This post is part of the Bodies, Gender, and Domination OOPS Series.
I never thought that I’d be saying this, but I live in a fitness center. I don’t mean that I’m a gym rat, pumping iron and downing protein shakes. I actually live on top of a gym, otherwise known as the 92nd Street Y. The first few floors contain cardio machines, free weights, and a pool, while the floors above are reserved for residents and I just so happen to work there as one of the Resident Advisors. Gyms have grown increasingly popular in NYC over the years and the most expensive ones have reflected our capitalistic society, in that they are microcosms of the distribution and production of wealth maintained by corporations and private individuals. Of course, I enjoy the perks of sharing in the capitalist ethos and attending the gym at no fee; however, I also occasionally bump into a fitness fanatic who shakes their head and mumbles a curse word or two as they push past, racing to make it in time to the heavenly gym. I get it though, I’d be upset as well, if I was late in worshiping Kratos.
When you walk into the gym, you notice that everyone has a set of headphones, or seashells (as Ray Bradbury described in his novel, Fahrenheit 451) stuffed into their ears. I wouldn’t be surprised if most of them were listening to the new pop hit by Ariana Grande featuring Nicki Minaj, titled “Side to Side” or even Kanye West’s song “Fade,” both of which were released on the same day at the VMAs. These pop hits highlight the very prevalent voluntary servitude, protestant work ethic attitude, and reinforcement of capitalism that we see brought to life as people sweat it out at a fitness center, health club, or gym.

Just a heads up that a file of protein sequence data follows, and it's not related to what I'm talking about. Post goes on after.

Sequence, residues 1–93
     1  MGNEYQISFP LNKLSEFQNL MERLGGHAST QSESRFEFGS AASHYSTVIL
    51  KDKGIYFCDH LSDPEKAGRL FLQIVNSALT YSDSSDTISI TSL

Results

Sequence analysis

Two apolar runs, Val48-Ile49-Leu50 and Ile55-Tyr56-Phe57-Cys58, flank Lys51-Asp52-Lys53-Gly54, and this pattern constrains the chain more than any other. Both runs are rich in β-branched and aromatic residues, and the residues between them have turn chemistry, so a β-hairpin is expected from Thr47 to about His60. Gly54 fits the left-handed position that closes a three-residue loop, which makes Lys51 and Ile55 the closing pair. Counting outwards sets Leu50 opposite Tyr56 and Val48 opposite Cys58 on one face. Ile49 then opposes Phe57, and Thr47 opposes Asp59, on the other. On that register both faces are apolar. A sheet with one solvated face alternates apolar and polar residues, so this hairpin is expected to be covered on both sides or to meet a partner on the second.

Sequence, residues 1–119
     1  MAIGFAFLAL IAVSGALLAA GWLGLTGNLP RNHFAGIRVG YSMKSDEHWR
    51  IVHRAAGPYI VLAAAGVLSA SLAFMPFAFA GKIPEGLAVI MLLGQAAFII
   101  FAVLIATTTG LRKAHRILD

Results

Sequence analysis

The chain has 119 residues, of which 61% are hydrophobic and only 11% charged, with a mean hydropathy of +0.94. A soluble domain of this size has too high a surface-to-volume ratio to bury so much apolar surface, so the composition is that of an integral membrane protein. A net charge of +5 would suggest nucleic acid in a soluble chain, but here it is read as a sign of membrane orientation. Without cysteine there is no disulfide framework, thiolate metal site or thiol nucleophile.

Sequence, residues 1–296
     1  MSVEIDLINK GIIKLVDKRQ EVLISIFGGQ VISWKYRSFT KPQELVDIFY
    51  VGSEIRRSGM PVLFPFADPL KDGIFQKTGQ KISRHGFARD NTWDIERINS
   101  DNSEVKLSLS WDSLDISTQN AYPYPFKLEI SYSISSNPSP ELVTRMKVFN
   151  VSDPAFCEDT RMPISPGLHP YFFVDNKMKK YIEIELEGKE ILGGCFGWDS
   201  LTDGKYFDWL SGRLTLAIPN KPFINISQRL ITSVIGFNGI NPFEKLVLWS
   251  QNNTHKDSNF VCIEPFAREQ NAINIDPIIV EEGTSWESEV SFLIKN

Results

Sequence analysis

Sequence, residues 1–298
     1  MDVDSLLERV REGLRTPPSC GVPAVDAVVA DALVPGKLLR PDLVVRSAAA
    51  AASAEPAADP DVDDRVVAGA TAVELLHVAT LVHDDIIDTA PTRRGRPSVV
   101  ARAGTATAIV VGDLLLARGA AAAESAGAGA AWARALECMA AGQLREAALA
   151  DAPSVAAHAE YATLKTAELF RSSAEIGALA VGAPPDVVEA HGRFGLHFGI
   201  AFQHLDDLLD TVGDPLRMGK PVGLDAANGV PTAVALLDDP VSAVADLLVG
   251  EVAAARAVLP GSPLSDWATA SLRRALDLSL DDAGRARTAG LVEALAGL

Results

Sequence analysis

“Side to Side” starts off with a line that perfectly describes this craze: “I’ve been there all night… I’ve been there all day,” and a scene to match, the music video showing young women in revealing gym-wear cycling not outdoors, but in a — yes, you guessed it — gym. People attend the gym religiously, treating their time there not as leisure, but as disciplined work aimed at the control and perfection of the human body. The term itself says it all: working out… literally work outside of work. The young women in the music video emphasize the sex appeal of exercising by popping their butts up into the air as they complete their workout routine. Along with regular workouts which consist of reps and sets and instruments to measure body fat percentage, many gym-goers also have a strict eating schedule. These eating schedules usually contain a measured pre workout snack and a timed post workout protein shake, with the calories and grams of protein pre-calculated; all of which is enough to pass as a new eating disorder. These vigorous routines and reliance on numbers and measurements may perhaps provide relief from some angst through a form of escapism at the gym, however this type of overtime work has become almost an expectation of our society. It’s overtime that we’re not getting paid for — in fact, we’re paying to work.
As La Boetie mentions in The Discourse of Voluntary Servitude, “the powerful influence of custom is in no respect more compelling than in this, namely, habituation to subjection.” When working out is such an expectation and obligation in our society, it appears as a custom, building a habituation to subjection through structured routines for people. This custom, built up by commercials, ads, movies, Hollywood, and pop music turns into a blind habit for people, which in turn accustoms them to comply and oblige. This custom has been slowly building over the years though, as can reflected by Olivia Newton John’s 1981 hit, “Let’s Get Physical.’ Now, with movements such as Michelle Obama’s Let’s Move! campaign, working out has become as necessary as breathing. The problem isn’t with the heart healthy cardio and strength training though; the problem is with purchasing the right to an attractive body through a gym membership, which further feeds capitalism.